Geotagging and "place coding" of images may be something that today is fun for a few thousand photogeeks but in the future this becomes one of the pillars of how digital photos are made more findable and usable. Photo search by location (plus time) of either your personal collection of photos or public photo collections opens up some very interesting possibilities.

Bravo Google for pushing this forward!

Saturday, June 10, 2006

Riya Changes Focus

Munjal Shah, the CEO and founder of Riya/Ojos has been providing a riveting chronicle on his Blog of the launch of this spring and their recent change of strategy and focus. Riya 2.0 as others like Mike Arringon at TechCrunch are calling this new strategy - is focused on visual search of pictures anywhere on the internet.

I've got to say that I'm a bit disappointed. The automation of capturing metadata with images is a horizontal capability that is a key element to enabling the next generation of digital photography applications and services (and effective photo search in my opinion). Riya had set out a bold vision of creating such an automated system for consumer's photos. Help me initially find and identify the people in MY photos then add even more intelligent tagging based on proximity, text recognition, etc. I still think this is a very worthwhile problem to solve.

The Riya 1.0 launch plan was built around face recognition and that people would share the "profiles" of the people that were identified in their photo collections with others. This may be one of the places where things when wrong. People can be very protective of their personal photos and the annotations/tags that go along with them. Those who participate in communities like Flickr or Facebook obviously have less anxiety about the public nature of their photos or they only post some of their photos to the community. Now, you let the masses do the identification of any content on anywhere on the web. There is a lot of tagging that is already happening on the sites hosting the images (like Flickr and Facebook) that can also be used as part of the search methods.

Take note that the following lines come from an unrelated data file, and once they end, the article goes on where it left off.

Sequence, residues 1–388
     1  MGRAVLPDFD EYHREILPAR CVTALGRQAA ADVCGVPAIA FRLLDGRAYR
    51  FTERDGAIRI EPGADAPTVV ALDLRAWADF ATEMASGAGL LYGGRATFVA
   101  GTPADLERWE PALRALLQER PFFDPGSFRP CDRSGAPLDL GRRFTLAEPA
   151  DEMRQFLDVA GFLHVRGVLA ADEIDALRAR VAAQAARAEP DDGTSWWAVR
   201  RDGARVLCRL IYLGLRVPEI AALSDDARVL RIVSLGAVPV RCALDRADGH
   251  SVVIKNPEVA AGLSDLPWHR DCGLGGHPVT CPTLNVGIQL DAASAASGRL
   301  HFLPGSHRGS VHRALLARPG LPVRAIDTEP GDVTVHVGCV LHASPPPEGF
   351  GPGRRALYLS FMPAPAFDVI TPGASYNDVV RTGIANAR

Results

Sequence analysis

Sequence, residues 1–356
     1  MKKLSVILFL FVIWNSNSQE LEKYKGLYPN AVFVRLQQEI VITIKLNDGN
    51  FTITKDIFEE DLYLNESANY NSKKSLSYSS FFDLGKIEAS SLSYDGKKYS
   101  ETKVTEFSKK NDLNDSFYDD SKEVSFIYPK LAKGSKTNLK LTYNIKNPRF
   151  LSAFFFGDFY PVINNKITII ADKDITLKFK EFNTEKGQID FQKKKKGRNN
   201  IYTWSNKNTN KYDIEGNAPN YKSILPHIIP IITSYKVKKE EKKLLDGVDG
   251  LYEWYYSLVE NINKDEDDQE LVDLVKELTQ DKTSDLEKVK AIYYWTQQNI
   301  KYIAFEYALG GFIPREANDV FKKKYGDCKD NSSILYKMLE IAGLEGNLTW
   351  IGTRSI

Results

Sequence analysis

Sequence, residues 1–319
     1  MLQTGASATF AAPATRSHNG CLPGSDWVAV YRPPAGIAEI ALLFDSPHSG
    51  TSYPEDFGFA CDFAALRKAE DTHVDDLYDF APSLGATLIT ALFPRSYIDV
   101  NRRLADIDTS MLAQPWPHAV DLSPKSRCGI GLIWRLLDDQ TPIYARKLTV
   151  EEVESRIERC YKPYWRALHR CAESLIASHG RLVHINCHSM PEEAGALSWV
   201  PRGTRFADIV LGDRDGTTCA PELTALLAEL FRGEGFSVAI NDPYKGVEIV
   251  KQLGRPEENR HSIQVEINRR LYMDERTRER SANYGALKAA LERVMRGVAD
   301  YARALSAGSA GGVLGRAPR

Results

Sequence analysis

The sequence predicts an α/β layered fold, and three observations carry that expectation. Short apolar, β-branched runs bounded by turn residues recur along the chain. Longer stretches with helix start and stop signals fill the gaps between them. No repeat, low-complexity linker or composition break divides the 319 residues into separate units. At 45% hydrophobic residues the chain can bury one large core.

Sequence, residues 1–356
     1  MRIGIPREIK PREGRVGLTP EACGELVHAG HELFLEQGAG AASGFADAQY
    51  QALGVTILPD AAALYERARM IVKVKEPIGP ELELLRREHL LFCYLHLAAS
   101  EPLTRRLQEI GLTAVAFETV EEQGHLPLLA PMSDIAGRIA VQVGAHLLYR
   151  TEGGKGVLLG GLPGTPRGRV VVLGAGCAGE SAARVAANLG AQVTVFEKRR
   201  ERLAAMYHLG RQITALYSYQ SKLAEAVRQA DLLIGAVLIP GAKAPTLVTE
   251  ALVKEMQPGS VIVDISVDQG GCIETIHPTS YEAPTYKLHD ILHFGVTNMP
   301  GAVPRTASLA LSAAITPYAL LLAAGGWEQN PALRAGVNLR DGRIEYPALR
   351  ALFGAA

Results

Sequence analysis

Visual Search of all of the content on the internet is a BHAG for sure. Google is already in the game. just re-launched an image search that I've found to be quite effective. As Tara Hunt, Riya's recently departed marketing wiz, says in her comments on Riya's change in strategy - in the search game it is relevance that matters. Riya will need to do a better job of delivering more relevant results than their many competitors.

Friday, June 02, 2006

Microsoft Pro Photo Summit

Are you a pro photographer or "industry influential" (in MS's words)? You might want to look into attending the Microsoft Pro Photo Summit. Microsoft has slowly and methodically become a force in digital photography, not just because they control the OS on 90% of the world's PCs but because they've worked at it. Their first digital imaging application other than Paint was PictureIt! which shipped in 1995 and had some very innovative features.

I'm sure one of the hot topics of conversation will be the new alternative to JPEG MS has proposed called Windows Media Photo (CNET News Article). With their recent breakdown in talks with Adobe about support for PDF in Office 2007 (Bloomberg News Story) it will be interesting to see how this plays out. Photoshop is the standard for pro photographers and most advanced amateurs - Adobe has been leading the effort on a Digital Negative Specification trying to unite various flavors of RAW files.